Dave Rudie, my dive buddy, took the pictures and he uses a range of things from his cell phone, Go Pro and a series of Olympus and Sony cameras. His camera case is easily the heaviest thing when we travel. He’s so happy that people have enjoyed his pictures.
I’m so glad you made it safely to the boat! I was the movie Open Water and the idea of feeling stuck in the ocean like that freaks me out. Kudos to you for not letting your mishap (or the other scary stories) deter you from further pursuing diving!
Very cool, Francesca, that you were in the movie. I couldn’t watch it! Sadly there have been mishaps but I haven’t run into many that can’t be avoided. Diving with certified masters is important, isn’t it?
What a scary story! I’m glad that other shared their tales with you, I’m sure everyone has had moments like those. I would really like to try scuba sometime. Those shots are beautiful! I also love the tips you included to respect the ocean 🙂
Thanks, Lauren. It was just one of those life lessons that looks a lot less scary in retrospect. I hope you get a chance to scuba one day.
I’m so glad that everything turned out ok! I’ve only been snorkeling, but even that had me a little panicked when I couldn’t get a good rhythm with my breathing. I’m also glad that the experience didn’t stop you from getting back out in the water.
I love being in the water too much to let it scare me off. I hope you keep snorkeling and try Snooba or some form of diving. Being on the bottom with sea creatures is incredible.
I find you get better service with local companies than the international properties.
I have over 100 dives and I still haven’t mastered the don’t chase the fish part. There is something fun about stalking the barracuda that it trying to stalk you.
Oh Jennifer, I know how tempting it is! I’ve snuck up on a few fish and critters too. Once I tracked a huge octopus as he kept changing color and texture to throw me off. Just incredible and I kept my distance.
Wow! I’ve always wanted to learn to dive but stuff like this freaks me out! But the gift to see everything under water is so alluring! Amazing photos by your partner!
Karilyn, I hope the story didn’t scare you off learning to dive. The certification process helps cover everything you need to stay safe and comfortable. I was with my dive buddy and told him when I was in trouble. Even if we’d been ‘swept away’ our boat would’ve been looking for us. Everything under the water is definitely so alluring and I live in gratitude to get to explore it. I hope you take the plunge!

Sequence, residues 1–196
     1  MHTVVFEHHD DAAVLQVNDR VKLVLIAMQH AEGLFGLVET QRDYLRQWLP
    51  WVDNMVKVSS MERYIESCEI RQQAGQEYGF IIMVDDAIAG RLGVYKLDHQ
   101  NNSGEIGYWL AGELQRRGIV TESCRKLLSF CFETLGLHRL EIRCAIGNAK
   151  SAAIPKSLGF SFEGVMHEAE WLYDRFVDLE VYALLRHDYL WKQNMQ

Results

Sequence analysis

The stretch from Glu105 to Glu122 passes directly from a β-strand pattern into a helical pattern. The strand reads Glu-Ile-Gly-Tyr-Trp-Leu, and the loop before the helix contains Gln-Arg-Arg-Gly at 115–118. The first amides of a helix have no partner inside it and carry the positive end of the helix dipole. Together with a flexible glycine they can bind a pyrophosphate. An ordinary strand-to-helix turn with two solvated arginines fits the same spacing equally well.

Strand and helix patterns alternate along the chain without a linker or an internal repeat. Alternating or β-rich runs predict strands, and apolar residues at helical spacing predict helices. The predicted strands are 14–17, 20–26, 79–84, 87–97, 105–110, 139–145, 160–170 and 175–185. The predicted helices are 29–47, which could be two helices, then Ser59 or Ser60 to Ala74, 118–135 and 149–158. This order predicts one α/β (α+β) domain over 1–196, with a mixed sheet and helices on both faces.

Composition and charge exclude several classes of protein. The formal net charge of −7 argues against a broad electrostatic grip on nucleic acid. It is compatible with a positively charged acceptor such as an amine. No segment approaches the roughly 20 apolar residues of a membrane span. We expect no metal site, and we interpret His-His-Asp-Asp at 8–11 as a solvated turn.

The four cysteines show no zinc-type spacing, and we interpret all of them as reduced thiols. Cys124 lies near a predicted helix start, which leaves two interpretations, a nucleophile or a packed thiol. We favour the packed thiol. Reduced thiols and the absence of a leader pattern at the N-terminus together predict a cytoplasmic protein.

OMG how amazing is first photo, cant stop looking at that photo
Thanks! I think it’s pretty special too. That’s taken with a Go Pro and Dave took nearly 30 shots before he came up with what he wanted. Glad you like it!
You are very brave, and the fact that you panicked just a little did not stop you getting backing into it. At the end of the day you have great story to share with others who may think that it only happens to them. I for one think you are very brave.
Thank you Paula. I wasn’t very brave but learned about myself and about diving that day. You’re right too about how these scrapes and close calls can make good stories. I’ll keep diving as long as I’m able. The underwater world is too fascinating and beautiful not to.
Hi Elaine, good to read your interesting posts again. Reading this one I stopped breathing for a couple of seconds expecting something bad to happen, but thanks God it didn’t. I’m so terrified with water, although I am a pretty good swimmer, but I have panic attacks. That’s the reason why I never learned to scuba dive. I’m happy to snorkel (but close to the shore only!). Your story confirmed that my fear is justified. If you have a panic attack and come up too quickly you can get decompression sickness, so I’m not ready for this kind of adventure.
Dear Anda, glad to hear that you like to snorkel. Diving isn’t for everyone but as I said in the post if you follow the basic rules it shouldn’t be a problem. The best part is to stay with your dive buddy or dive master and things eventually work out. You are so right too about coming up too quickly but the dive training teaches how to avoid that. We were in shallow water, less than 30 feet, for the dive so that wasn’t a problem.
wow! What a scary experience! I can’t imagine the fear of being swept away further and further from the boats. I’d be in great fear, knowing that there are hammer sharks around and other endless creatures. Honestly, I have a really great fear of ocean. I recently did snorkeling for the first time in cancun and kinda panicked. I’m not ready for anything further than that yet, but hopefully I’ll be brave like you to explore the beauty of the world below the surface.
Yes, Stacey, be brave and know it’s actually very easy once you get the rhythm of snorkeling down and if possible try a resort dive sometime. I just love diving too much to give up!
WOW the first photo is freaky!
It is! Taken with a Go Pro, it’s an under/over shot. Not easy to get but my travel buddy is perfecting the technique. Glad you like it!
What a ton of amazing pictures! This is quite an adventure. I always read excellent things about La Paz. Can’t wait to visit.